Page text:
goad vs urging what difference

what is difference between goad and urging

English

Etymology

From Middle English gode, from Old English gād (goad), from Proto-Germanic *gaidō (compare Old Norse gedda (pike (fish)), Lombardic gaida (spear)), from Proto-Indo-European *ǵʰey- (compare Old Irish gath (spear), Sanskrit हिन्वति (hinvati), हिनोति (hinoti, to urge on, throw), हेति (heti, missile, projectile)).

Pronunciation

  • (Received Pronunciation) IPA(key): /ɡəʊd/
  • (General American) IPA(key): /ɡoʊd/
  • Rhymes: -əʊd

Noun

goad (plural goads)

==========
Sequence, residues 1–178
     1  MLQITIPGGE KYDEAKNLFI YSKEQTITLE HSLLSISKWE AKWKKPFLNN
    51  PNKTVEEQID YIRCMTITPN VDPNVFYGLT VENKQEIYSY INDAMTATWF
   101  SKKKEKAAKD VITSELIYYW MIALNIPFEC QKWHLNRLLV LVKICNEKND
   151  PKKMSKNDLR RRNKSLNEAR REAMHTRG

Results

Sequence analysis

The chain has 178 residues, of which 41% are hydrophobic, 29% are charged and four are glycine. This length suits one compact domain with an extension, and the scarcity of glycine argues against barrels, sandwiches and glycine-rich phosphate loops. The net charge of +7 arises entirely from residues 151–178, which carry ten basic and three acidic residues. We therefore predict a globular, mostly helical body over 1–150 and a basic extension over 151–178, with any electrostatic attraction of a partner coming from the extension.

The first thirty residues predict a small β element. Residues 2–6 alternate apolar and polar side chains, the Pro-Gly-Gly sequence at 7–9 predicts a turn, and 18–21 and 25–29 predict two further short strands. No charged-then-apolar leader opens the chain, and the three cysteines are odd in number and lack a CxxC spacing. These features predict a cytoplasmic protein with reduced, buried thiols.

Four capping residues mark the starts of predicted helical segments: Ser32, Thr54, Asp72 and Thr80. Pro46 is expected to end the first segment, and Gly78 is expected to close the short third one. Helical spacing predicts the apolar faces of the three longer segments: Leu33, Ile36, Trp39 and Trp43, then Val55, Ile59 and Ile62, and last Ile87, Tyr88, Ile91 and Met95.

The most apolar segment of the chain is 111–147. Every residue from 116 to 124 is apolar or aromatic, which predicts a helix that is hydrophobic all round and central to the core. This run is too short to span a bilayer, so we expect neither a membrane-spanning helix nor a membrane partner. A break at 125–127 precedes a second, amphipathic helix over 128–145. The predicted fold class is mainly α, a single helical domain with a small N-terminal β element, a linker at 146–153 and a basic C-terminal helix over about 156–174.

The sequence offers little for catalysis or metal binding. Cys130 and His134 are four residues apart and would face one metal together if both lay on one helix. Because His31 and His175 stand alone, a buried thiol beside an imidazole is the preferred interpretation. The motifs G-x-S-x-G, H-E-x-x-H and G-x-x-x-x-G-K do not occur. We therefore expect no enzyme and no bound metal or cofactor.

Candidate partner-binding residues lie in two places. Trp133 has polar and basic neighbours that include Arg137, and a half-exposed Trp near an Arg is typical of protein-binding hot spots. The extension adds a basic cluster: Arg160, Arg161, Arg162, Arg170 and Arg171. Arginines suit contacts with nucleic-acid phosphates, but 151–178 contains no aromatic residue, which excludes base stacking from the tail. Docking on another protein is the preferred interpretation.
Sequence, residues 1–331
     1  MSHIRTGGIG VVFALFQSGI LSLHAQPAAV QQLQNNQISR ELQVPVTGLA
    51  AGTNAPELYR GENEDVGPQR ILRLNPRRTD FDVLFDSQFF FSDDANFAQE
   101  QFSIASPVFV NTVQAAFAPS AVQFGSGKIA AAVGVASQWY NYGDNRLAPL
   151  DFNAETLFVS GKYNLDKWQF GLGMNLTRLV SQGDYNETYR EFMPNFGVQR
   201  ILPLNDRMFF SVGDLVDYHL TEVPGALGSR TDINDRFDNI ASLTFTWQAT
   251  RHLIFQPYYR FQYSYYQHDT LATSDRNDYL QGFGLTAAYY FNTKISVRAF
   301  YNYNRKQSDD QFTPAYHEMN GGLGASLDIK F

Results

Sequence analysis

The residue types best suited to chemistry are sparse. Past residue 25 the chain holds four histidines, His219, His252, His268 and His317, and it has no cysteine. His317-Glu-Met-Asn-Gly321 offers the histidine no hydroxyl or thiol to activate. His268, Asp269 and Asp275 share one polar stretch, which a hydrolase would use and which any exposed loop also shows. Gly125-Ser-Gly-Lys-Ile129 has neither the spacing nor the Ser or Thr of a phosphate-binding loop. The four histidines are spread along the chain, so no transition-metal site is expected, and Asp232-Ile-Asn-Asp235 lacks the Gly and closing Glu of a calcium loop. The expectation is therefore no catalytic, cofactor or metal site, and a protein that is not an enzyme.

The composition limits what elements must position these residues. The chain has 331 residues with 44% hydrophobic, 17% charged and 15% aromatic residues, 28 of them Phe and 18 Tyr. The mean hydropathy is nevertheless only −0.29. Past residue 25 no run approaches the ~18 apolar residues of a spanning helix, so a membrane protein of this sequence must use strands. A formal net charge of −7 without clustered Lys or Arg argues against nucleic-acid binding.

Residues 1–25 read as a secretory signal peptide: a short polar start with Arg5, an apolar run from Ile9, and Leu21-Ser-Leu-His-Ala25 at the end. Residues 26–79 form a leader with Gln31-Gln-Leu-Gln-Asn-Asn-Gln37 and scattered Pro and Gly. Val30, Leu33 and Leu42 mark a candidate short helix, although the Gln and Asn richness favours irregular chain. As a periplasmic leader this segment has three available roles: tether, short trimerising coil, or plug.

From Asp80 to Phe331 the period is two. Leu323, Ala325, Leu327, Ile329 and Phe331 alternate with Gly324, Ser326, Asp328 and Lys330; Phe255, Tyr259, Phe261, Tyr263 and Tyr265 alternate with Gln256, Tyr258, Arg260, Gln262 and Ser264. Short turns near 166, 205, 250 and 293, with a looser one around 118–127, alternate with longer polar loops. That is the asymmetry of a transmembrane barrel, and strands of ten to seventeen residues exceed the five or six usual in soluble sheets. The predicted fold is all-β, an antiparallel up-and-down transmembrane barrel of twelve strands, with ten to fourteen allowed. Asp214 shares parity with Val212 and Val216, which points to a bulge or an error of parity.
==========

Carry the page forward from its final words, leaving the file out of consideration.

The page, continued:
1. A long, pointed stick used to prod animals.
  2. (figuratively) That which goads or incites; a stimulus.

Translations

Verb

goad (third-person singular simple present goads, present participle goading, simple past and past participle goaded)

  1. To prod with a goad.
  2. To encourage or stimulate.
  3. To incite or provoke.

Translations

See also

  • goat

Anagrams

  • Goda, dago, doga

Scots

Etymology

From Old English god, of Germanic origin.

Noun

goad (plural goads)

  1. God


English

Pronunciation

  • (General American) IPA(key): /ˈɝd͡ʒɪŋ/
  • (Received Pronunciation) IPA(key): /ˈɜːd͡ʒɪŋ/
  • Rhymes: -ɜː(ɹ)dʒɪŋ
  • Hyphenation: urging

Verb

urging

  1. present participle of urge

Anagrams

  • gruing

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